NCPA - National Center for Policy Analysis

2015 Tax Rates, Brackets & Exemption Amounts May Save Taxpayers Money

September 22, 2014

The U.S. Bureau of Labor Statistics (BLS) reported that the consumer price index (CPI) dropped unexpectedly 0.2 percent. The CPI measures the cost of goods and services and when it doesn't change, it signals that interest rates will stay put.

The Tax Code provides for mandatory adjustments to tax items based on inflation every year. Now, however, inflation adjustments are routinely included in tax legislation which can be tricky for taxpayers. So what does this mean for taxpayers and how does it translate to real life dollars?

  • Tax Brackets: Tax brackets will nudge upwards, meaning taxes should decreases for many taxpayers.
  • Personal Exemption: For high-income tax payers, the personal exemption deduction is phased out while everyone else will have the amount increased to $4,000 from $3,950.
  • Federal Estate Tax Exclusion: The federal estate tax exclusion for decedents dying in 2015 is projected to increase to $5.43 million and to $10.86 million for married couples.
  • Gift Tax Exclusion: The annual exclusion for federal gift tax will remain the same at $14,000.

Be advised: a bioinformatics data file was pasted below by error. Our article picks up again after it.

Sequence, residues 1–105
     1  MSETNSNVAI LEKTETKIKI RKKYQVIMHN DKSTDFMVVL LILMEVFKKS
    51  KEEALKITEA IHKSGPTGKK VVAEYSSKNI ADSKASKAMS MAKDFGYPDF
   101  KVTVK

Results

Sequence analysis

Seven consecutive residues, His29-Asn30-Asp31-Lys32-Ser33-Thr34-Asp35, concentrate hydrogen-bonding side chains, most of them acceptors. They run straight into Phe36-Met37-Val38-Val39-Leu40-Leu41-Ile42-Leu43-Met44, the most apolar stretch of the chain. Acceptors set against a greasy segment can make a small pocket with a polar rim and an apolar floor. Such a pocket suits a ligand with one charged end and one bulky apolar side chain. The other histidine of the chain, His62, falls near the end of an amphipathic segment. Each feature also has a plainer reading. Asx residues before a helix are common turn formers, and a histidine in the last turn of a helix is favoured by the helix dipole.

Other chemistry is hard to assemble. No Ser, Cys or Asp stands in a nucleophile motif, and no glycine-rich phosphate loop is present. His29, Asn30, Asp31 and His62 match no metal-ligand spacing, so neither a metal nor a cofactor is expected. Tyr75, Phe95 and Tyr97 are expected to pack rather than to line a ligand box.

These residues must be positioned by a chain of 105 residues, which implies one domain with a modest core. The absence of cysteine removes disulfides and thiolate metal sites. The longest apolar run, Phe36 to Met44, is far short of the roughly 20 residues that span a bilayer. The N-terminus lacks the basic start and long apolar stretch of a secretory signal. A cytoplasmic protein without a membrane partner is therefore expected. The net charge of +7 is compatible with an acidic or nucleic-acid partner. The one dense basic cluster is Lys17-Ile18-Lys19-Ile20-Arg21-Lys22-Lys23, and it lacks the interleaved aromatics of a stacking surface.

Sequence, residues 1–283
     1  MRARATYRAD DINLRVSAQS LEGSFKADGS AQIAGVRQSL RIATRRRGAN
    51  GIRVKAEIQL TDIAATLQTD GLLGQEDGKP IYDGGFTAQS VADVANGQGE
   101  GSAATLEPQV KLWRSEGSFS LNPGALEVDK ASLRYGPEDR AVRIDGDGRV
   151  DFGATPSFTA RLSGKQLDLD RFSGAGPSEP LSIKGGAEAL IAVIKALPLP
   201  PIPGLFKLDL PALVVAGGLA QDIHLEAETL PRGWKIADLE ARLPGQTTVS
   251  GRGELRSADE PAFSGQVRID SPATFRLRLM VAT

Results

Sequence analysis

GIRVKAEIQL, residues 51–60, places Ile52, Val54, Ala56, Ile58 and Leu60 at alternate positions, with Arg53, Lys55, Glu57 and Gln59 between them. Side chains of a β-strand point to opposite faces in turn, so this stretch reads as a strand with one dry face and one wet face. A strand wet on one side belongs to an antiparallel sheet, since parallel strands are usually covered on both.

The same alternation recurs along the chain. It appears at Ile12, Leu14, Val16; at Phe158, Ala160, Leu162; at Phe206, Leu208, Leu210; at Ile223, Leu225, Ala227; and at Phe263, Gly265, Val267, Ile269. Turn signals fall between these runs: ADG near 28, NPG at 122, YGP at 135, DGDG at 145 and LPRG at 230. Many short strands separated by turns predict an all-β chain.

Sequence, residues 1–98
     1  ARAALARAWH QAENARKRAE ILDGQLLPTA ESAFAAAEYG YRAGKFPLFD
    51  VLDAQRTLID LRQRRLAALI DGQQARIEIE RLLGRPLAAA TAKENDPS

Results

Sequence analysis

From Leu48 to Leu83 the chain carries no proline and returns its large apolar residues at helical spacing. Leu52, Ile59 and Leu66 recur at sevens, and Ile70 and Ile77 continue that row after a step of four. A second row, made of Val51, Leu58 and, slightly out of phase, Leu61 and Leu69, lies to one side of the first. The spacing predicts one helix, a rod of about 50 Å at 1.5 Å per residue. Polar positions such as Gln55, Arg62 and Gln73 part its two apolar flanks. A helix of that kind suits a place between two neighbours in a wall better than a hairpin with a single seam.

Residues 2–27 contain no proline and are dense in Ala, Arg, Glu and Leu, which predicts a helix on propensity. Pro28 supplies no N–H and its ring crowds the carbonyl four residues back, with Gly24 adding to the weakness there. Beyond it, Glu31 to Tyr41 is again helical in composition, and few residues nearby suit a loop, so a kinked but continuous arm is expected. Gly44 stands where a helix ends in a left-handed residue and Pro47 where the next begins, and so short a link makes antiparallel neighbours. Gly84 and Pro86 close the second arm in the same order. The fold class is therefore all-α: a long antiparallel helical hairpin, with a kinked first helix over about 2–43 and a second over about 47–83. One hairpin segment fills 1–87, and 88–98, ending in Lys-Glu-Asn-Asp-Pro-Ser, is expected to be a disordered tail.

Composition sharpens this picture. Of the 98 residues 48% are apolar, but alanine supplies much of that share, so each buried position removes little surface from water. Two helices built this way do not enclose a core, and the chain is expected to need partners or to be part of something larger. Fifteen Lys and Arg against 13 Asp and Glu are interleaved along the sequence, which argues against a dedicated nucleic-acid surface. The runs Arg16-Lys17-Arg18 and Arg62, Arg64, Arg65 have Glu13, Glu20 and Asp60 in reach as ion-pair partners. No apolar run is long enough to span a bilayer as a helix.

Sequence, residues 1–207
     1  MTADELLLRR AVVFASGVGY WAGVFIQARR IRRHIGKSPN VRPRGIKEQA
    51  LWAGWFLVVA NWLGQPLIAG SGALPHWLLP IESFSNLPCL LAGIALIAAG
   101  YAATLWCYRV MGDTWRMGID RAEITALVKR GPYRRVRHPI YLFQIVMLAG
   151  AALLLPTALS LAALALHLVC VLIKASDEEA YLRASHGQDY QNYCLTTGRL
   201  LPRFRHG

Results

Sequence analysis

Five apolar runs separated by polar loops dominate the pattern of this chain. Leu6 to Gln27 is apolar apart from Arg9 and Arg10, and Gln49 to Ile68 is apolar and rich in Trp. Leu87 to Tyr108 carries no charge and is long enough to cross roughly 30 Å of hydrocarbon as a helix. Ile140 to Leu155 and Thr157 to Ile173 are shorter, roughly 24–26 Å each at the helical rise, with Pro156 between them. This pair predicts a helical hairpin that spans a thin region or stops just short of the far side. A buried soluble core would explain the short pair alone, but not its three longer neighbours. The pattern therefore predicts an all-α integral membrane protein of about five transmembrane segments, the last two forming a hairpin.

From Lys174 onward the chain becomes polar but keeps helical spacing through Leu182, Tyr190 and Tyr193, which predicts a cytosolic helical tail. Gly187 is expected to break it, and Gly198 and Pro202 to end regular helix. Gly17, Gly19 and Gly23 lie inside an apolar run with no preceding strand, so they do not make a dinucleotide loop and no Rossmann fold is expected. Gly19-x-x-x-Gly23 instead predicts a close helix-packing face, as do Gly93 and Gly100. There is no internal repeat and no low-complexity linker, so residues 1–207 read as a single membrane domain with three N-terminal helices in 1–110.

• Student Loan Interest Phaseouts: Phaseouts apply to the $2,500 deduction for student loan interest.

And finally, there are a few first time adjustments related to Obamacare:

  • The cap on contributions to health flexible spending accounts will be adjusted to $2,550.
  • The penalty imposed on employers that don't provide minimum coverage is $2,080 times the number of qualifying during the month.
  • The penalty on employers who offer coverage but have employees who qualify for premium tax credits is $3,120 times the number of individuals to which the premium tax credit of cost-sharing reduction is allowed or paid.
  • Finally, the penalty for maintaining minimal coverage is $325.

Source: Forbes, "2015 Tax Rates, Brackets & Exemption Amounts May Save Taxpayers Money," September 17, 2014.


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